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Murky backroom deals the new normal in Zimbabwe

After a decade of political chaos, economic collapse and arbitrary land grabs, Zimbabwe really doesn't need any more negative news to drive foreign investors away.



Yet amazingly, the Zimbabwe government is continuing to push forward on a controversial campaign to force every foreign-owned company to sell 51 per cent of its equity to black Zimbabweans.



The so-called "indigenization" campaign is causing havoc for foreign investors, who cannot be certain from week to week if they will continue to have permission to operate in Zimbabwe. Some have been threatened with an immediate suspension of their licenses, while others are being forced to negotiate murky backroom deals to stay alive.

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Dozens of foreign-owned mining and banking companies are among the most vulnerable of the investors. Zimbabwe has significant mineral resources, providing 65 per cent of its export earnings. It is one of the world's biggest platinum producers, and it also has gold and diamond mines. Rio Tinto, Anglo Platinum and Impala Platinum are among the major foreign miners in Zimbabwe.



The threats against the foreign mining companies seem reminiscent of a shakedown game: the investors are terrorized with the imminent risk of closure, they are hit with various deadlines and ultimatums, and then they are allowed to negotiate a deal to continue in business, presumably with a bigger share going to the government. There are no legal guidelines or formal laws to govern the negotiations, so anything goes.



Some reports say the threats are being orchestrated by a small cabal of politicians and military officers in the inner circle of President Robert Mugabe, the longtime autocratic leader of Zimbabwe, who needs new money for a planned election next year.



Even within the government, the indigenization drive has caused dissent. Prime Minister Morgan Tsvangirai, the former opposition leader who joined a coalition cabinet with Mr. Mugabe's ruling party in 2009, complained recently that the confusion over the indigenization policy is damaging investor confidence and hurting job creation.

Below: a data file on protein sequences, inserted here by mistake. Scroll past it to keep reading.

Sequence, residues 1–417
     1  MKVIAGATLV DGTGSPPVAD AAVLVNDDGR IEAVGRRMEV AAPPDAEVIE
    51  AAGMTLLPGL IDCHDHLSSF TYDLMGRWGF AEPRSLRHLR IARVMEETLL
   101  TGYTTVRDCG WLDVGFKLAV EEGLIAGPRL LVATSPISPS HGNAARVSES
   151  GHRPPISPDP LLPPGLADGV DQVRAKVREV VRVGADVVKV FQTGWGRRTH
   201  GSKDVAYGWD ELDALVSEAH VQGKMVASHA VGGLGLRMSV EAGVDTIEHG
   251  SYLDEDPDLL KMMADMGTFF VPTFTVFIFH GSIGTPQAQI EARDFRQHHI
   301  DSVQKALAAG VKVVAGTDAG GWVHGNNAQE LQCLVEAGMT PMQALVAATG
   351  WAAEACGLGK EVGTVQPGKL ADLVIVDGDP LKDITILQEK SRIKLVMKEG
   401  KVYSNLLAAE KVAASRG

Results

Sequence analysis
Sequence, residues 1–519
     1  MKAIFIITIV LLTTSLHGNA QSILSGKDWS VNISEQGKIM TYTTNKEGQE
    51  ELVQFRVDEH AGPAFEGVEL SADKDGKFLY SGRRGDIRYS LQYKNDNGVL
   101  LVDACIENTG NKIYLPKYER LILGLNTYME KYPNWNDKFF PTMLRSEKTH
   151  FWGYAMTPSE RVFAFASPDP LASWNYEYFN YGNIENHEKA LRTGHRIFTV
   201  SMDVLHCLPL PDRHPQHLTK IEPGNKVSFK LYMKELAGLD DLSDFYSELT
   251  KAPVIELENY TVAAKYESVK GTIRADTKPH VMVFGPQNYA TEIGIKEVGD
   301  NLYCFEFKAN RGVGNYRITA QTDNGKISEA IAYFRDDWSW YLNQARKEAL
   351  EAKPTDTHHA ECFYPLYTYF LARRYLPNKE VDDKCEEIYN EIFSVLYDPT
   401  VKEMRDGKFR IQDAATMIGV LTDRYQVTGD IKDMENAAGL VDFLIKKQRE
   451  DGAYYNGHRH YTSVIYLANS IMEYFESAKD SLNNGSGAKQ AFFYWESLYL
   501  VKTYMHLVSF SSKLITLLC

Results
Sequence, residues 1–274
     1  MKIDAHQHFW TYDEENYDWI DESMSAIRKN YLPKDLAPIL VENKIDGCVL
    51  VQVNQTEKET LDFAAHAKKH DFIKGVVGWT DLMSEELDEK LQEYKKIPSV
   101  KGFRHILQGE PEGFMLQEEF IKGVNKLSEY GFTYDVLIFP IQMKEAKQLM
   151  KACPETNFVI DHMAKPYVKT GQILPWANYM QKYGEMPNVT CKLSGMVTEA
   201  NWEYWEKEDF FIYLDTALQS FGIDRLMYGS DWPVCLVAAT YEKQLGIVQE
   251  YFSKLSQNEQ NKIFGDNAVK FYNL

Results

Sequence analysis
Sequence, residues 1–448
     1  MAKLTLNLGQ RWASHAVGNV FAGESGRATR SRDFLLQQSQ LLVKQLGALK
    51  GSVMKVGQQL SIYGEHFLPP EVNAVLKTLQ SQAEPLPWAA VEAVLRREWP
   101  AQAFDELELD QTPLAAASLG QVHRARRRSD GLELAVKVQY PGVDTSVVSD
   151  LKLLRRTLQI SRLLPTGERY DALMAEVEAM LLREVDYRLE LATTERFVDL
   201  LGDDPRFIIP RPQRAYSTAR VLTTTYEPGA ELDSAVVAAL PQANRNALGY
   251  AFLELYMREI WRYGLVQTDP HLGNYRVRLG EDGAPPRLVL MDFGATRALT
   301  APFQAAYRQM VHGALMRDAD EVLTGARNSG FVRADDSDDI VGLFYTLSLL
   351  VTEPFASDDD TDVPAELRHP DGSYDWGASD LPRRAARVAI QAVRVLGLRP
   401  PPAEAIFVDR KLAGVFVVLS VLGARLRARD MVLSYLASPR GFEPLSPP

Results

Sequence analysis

One of the first victims of the indigenization policy was Toronto-based Caledonia Mining Corp., which operates the Blanket gold mine, the most successful gold mine in Zimbabwe. On Aug. 19, the company confirmed that Zimbabwe's Minister for Indigenization had requested the cancellation of Blanket's operating license, on the grounds that Caledonia had failed to satisfy the government's rules on indigenization. The company said it was seeking "urgent clarification" and was prepared to take legal action to defend itself.



Four days later, after an emergency meeting with the government, Caledonia announced that the government had agreed to suspend the cancellation of its operating license. The two sides agreed to conduct an independent assessment of the value of the Blanket mine, which would then lead to a revised plan for how Caledonia would comply with the indigenization policy. By the time of this announcement, however, the company had already lost 30 per cent of its share price within a week.



This week, a Caledonia executive confirmed that the assessment is continuing, without a fixed deadline for compliance. A face-to-face negotiation is likely to take place when the mine's value has been assessed, he said.

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About the Author
Africa Bureau Chief

Geoffrey York is The Globe and Mail's Africa correspondent.He has been a foreign correspondent for the newspaper since 1994, including seven years as the Moscow Bureau Chief and seven years as the Beijing Bureau Chief.He is a veteran war correspondent who has covered war zones since 1992 in places such as Somalia, Sudan, Chechnya, Iraq and Afghanistan. More

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